The Chablé Resort & Spa on Mexico's Yucatán Peninsula is set amidst green vegetation in a restored 19th century estate. Its three restaurants are presided over by Jorge Vallejo, the world’s 12th best chef, but Ixi'im, in particular, stands out; it's a gastronomic and architectural triumph.
Enormous metal beams, inserted into a ruined former textile factory's engine room, frame a modern dining experience. The new steel framework references the building's industrial past while also making a clear distinction between heritage and the intervention. The facility once flourished in the production of sisal textiles but today the factory complex encircles a tranquil courtyard.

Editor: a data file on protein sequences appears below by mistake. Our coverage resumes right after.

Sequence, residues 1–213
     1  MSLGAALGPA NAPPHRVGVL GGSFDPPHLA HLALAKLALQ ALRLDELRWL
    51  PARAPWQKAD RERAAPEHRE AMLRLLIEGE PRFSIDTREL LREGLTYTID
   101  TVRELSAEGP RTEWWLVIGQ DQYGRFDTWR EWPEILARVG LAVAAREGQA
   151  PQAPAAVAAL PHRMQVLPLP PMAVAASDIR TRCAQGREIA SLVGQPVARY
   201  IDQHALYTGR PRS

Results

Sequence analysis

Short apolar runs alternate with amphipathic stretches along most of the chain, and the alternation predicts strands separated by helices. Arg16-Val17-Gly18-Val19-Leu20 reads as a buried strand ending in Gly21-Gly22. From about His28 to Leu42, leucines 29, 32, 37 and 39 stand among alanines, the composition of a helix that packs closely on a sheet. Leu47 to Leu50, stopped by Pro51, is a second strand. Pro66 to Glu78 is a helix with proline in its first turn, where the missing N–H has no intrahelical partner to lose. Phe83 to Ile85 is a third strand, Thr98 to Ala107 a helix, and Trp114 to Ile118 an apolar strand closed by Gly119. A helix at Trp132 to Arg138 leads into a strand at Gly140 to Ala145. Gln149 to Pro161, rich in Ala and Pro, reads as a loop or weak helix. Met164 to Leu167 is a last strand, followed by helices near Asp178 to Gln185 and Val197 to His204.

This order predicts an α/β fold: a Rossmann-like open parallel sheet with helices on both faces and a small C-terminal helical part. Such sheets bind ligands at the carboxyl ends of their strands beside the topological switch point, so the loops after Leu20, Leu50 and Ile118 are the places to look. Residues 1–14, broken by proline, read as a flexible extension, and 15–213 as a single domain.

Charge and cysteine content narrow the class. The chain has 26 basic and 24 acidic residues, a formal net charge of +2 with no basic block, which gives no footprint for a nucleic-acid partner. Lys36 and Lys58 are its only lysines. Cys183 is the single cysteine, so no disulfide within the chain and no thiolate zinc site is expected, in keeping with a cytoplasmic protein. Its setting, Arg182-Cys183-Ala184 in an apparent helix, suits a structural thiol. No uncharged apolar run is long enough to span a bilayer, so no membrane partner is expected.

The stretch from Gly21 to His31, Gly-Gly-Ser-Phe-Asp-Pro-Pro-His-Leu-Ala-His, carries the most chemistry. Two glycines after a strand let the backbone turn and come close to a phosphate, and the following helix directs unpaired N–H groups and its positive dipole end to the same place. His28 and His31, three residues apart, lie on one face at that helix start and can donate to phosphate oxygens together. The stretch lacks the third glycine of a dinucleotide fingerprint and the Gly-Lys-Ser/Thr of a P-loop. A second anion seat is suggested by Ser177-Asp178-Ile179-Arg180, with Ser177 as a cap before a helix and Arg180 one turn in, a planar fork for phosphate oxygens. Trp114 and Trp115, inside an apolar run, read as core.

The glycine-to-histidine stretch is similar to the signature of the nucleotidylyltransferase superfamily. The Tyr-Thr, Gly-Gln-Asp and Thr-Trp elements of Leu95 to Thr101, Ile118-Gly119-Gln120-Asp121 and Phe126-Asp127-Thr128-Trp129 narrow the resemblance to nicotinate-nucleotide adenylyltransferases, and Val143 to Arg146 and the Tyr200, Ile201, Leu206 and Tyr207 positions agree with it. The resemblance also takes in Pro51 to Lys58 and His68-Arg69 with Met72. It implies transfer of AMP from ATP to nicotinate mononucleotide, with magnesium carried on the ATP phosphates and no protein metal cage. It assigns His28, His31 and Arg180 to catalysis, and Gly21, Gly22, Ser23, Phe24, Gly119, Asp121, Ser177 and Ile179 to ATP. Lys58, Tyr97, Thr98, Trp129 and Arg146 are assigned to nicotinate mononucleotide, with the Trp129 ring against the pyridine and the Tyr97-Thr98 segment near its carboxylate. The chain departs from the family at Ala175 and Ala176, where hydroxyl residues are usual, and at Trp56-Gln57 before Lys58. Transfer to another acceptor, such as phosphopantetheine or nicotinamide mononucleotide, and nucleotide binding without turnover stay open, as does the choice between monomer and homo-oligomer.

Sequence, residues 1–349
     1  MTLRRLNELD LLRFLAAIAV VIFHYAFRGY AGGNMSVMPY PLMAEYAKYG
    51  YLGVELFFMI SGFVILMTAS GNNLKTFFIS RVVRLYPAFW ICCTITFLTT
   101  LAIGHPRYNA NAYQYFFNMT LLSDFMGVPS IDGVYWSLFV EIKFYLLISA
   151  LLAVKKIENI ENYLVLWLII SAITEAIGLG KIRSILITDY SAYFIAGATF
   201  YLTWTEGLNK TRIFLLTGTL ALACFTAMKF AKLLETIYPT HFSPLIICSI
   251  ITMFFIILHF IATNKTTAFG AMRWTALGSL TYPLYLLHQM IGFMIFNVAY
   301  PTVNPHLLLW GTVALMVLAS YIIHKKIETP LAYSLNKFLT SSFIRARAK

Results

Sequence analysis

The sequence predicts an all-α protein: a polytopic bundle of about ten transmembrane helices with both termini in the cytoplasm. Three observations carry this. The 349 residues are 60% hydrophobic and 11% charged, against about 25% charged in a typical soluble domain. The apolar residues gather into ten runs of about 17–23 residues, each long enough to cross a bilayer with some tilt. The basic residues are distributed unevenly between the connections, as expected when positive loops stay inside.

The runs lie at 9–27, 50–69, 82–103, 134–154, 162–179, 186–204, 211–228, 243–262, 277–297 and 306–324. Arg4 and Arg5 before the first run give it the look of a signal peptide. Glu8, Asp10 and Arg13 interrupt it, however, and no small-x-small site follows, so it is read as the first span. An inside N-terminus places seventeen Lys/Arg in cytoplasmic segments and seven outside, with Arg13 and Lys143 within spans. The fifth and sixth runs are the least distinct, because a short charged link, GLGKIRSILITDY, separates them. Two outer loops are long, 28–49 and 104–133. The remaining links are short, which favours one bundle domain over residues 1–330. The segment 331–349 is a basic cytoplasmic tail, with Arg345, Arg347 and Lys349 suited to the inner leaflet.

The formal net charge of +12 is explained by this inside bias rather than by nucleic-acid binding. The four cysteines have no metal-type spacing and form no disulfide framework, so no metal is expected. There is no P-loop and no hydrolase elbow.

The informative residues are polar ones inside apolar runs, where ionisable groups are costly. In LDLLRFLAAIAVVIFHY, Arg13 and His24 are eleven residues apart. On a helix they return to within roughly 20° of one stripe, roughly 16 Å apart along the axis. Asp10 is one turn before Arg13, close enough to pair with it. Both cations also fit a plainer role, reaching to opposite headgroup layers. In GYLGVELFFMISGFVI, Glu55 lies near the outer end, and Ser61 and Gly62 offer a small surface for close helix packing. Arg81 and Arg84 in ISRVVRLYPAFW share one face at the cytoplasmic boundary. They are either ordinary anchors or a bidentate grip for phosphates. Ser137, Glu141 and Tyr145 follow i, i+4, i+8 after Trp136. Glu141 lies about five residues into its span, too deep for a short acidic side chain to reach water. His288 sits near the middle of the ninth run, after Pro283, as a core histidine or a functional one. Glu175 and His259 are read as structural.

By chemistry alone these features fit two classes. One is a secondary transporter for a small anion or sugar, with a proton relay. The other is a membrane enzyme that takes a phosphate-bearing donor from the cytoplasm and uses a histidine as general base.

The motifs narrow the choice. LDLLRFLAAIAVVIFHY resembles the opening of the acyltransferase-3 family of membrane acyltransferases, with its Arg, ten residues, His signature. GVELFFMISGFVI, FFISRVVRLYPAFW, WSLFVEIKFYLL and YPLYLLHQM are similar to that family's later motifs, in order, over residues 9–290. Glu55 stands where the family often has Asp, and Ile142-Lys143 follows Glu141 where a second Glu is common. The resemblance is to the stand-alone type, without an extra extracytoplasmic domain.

It was vital, explain the four Mexican architectural studios involved in the renovation, to maintain the crumbling walls and use them as partitions for new spaces, including the kitchen, a bar and dining area. Glass walls supported by metal frames offer views onto the lush atrium, surrounded by stone walls.
Within these dramatic enclaves, guests can savour fresh ingredients harvested from the hotel's Mayan gardens, where the herbs and vegetables are grown in traditional raised beds. The menu captures nuances of customary southeast Mexican offerings and displays several ancestral techniques. Signature dishes include venison tartare and chargrilled pineapple. After an indulgent dinner at Ixi'im, the most fitting way to conclude the evening is surely with a tequila tasting in the bar, where a variety of aged local spirits await. Arriba!
Imagery courtesy of Central De Proyectos SCP | Photography by Calvo Santisbón